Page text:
Having a strong Dispatcher is the key to making this whole “keeping track of the guys in the field” scenario work. The Dispatcher should be in constant communication with the Area Supervisors and handles all the paper at some point. Area Supervisors turn in their paperwork to the Dispatcher. These include time sheets and completed route sheets for those that are plowing for them, and for those accounts assigned to them. What the Dispatcher says – goes. The Dispatcher, if doing his/her job properly, will know what routes are not going to be completed on time, what routes are always trouble, and what plowers have not shown up this time out.
The Dispatcher keeps duplicate time sheets and route sheets at his/her fingertips. Two or three times during the event the Dispatcher checks with the Area Supervisors to find out what has, and has not yet been plowed. He marks the ‘completed accounts’ on the sheet that lists them (or checks them off as having been completed). In this fashion, the Dispatcher has at his fingertips an accurate accounting of “where we are at” during the event. Knowing that the Area Supervisor is very busy in the field, this is a great ‘check and balance’ to ensure that all accounts are serviced and not forgotten. Good communications flow between the Dispatcher and the Area Supervisor is necessary for this to flow smoothly. The Area Supervisor must answer the questions that the Dispatcher poses about ‘who’s done, and who’s not done’.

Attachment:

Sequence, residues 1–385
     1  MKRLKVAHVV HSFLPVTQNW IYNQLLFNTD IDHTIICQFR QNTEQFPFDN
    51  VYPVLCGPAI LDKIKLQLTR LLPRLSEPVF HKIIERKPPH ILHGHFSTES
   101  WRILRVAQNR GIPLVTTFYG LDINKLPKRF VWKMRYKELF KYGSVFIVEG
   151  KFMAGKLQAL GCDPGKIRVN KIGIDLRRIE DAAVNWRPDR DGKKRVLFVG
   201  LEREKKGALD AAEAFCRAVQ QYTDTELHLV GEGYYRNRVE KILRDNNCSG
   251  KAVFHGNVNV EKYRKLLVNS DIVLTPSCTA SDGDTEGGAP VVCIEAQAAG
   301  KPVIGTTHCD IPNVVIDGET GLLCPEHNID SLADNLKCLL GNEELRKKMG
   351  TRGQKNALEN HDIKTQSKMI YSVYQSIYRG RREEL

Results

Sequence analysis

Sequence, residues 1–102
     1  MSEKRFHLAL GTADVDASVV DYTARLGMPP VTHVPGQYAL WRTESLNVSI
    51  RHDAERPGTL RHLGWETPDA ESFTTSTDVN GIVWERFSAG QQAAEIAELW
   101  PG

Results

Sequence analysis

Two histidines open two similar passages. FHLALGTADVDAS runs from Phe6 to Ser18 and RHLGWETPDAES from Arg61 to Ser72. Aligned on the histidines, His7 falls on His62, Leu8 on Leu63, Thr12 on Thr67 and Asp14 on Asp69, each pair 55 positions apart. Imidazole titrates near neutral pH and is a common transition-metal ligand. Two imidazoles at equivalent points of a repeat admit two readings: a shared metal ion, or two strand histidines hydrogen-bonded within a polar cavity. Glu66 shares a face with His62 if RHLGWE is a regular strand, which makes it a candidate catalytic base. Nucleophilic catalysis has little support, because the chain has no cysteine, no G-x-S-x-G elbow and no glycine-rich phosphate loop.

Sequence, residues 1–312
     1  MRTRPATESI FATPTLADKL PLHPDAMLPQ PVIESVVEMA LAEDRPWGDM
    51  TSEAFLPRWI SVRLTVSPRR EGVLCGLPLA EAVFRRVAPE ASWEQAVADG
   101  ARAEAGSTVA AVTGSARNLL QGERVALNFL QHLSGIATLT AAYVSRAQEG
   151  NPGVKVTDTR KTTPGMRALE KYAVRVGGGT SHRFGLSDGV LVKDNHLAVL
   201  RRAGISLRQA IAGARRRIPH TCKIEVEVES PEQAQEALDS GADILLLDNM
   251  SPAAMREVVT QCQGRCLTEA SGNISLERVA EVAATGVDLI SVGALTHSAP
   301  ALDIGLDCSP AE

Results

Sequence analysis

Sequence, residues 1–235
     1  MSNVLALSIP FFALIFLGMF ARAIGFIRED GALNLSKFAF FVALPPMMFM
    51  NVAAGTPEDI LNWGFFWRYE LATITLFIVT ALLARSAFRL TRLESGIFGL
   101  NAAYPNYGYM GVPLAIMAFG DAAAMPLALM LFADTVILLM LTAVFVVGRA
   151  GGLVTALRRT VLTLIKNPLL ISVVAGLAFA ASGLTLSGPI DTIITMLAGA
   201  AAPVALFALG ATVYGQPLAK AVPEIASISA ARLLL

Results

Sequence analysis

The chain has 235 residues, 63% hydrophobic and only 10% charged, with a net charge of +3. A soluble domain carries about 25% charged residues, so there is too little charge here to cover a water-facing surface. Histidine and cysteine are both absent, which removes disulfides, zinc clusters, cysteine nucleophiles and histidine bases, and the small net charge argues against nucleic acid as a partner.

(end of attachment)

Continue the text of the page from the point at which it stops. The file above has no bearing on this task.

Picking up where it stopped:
And, one BIG hint to making this all “work”……the owner of the company should NOT be the Dispatcher. That does not work at all. I don’t know of ANY company where the Owner is the Dispatcher, and it is successful. Just doesn’t work. The company owner is too close to the overall situation to make rational decisions about what should take place in the field. Keep that in mind.